What I Think of the Fact That You Keep Asking Me What My Family Thinks of My Writing
When men create characters based on themselves, they are innovative; when women do it, they’re shaming their families.
Has anyone gotten mad at you over what you’ve written about them?
But I wondered if you worried about how they would feel about being written about? Did you check with folks, or change names?
When you’re writing about a subject that is going to make someone else worried or upset do you reach out to them first? Do you just let the essay fly and wait for the fallout?
When you’re writing about masturbating, having an orgy, trying heroin, or pretending the guy you’re having sex with is James Frey, how do you get to that place of complete honesty? Were you worried about what your family would think?
Do you regret anything you’ve written?
We were walking aimlessly around the West Village. She sounded disappointed.
Maybe you weren’t emotionally ready for your new book to come out, but it is! You worked hard! Celebrate it!”
TheChronology of Waterpublishedkid
came out of hismother’s vagina
Bukowski in a Sundress.You’re the WorstEasy
Operating Instructions The New York Times,Does Sam read all of your writings?” He mostly reads the stuff where he knows I mention him. That’s my boy!”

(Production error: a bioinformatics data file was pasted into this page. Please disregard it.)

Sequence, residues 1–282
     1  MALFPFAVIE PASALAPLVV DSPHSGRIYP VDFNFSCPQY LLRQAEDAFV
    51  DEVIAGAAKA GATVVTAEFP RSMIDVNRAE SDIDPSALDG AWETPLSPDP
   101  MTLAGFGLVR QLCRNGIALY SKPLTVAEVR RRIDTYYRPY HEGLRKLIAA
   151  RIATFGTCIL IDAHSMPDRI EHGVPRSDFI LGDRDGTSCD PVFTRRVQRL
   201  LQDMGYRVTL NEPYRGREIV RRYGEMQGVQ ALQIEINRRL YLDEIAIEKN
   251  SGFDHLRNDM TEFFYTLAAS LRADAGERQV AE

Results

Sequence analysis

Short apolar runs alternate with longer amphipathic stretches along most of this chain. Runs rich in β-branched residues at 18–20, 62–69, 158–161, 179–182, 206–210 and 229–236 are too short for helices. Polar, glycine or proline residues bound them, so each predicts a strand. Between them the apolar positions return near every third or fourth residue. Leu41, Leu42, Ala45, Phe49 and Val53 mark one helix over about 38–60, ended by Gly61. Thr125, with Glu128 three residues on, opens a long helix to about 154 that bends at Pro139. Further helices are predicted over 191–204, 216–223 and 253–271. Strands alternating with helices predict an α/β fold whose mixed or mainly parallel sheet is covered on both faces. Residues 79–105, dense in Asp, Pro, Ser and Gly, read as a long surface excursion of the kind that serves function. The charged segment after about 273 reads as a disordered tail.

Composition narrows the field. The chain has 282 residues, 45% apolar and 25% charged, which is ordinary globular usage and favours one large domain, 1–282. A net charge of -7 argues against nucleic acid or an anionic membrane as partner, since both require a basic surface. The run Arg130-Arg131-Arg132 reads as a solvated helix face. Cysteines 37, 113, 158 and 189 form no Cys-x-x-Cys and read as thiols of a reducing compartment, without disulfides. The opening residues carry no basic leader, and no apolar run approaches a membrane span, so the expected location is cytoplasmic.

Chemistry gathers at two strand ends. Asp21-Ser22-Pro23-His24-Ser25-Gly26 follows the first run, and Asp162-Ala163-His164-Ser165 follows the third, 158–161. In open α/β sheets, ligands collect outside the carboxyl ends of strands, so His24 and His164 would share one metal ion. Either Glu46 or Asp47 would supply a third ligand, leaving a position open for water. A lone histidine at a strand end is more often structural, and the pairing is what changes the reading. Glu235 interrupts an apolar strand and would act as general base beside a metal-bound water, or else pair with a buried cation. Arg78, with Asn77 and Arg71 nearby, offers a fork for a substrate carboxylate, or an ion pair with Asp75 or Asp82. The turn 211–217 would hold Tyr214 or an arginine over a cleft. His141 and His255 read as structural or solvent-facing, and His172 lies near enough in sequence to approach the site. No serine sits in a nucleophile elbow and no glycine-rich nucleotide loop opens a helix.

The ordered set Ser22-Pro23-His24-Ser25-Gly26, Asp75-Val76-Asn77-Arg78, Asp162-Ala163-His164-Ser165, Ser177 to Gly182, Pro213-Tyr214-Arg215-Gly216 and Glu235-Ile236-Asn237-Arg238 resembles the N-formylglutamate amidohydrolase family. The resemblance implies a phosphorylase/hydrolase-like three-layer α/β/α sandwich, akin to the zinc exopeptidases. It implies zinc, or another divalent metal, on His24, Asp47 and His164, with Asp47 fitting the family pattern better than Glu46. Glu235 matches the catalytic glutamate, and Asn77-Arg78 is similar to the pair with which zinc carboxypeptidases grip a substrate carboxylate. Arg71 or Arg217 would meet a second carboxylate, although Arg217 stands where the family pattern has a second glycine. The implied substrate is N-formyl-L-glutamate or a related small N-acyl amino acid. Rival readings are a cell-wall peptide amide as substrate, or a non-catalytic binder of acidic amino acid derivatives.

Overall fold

InterviewBored to Death.
I heard you wrote a nymphomaniac memoir.
You could have died.
Shame on me for wanting to do something so worthless. Shame on me for not accepting the life my family lived. Shame on me for shaming them. My shame is everyone’s shame.”
wantI knew it! This is why I can’t write my book. This is why I can’t finish that essay. Writing is bad, wrong, embarrassing.
I hope you keep writing your hopes, dreams, and fears. Maybe you’ll even write a book one day!
CHLOE CALDWELL is the author of the essay collection I’ll Tell You in Person (Coffee House/Emily Books, 2016), the critically acclaimed novella, WOMEN (SF/LD, 2014), and the essay collection Legs Get Led Astray (SF/LD). Her memoir, The Red Zone, will release in April 2022 from Soft Skull Press. Chloe’s nonfiction and essays have appeared in The New York Times, Buzzfeed, New York Magazine, Longreads, Vice, Salon.com, The Rumpus, and many anthologies including "Goodbye To All That: Writers On Loving and Leaving NYC" and her essay "Hungry Ghost" was listed as Notable in the 2017 Best American Nonrequired Reading. She lives in Hudson, New York with her family. www.chloesimonne.com
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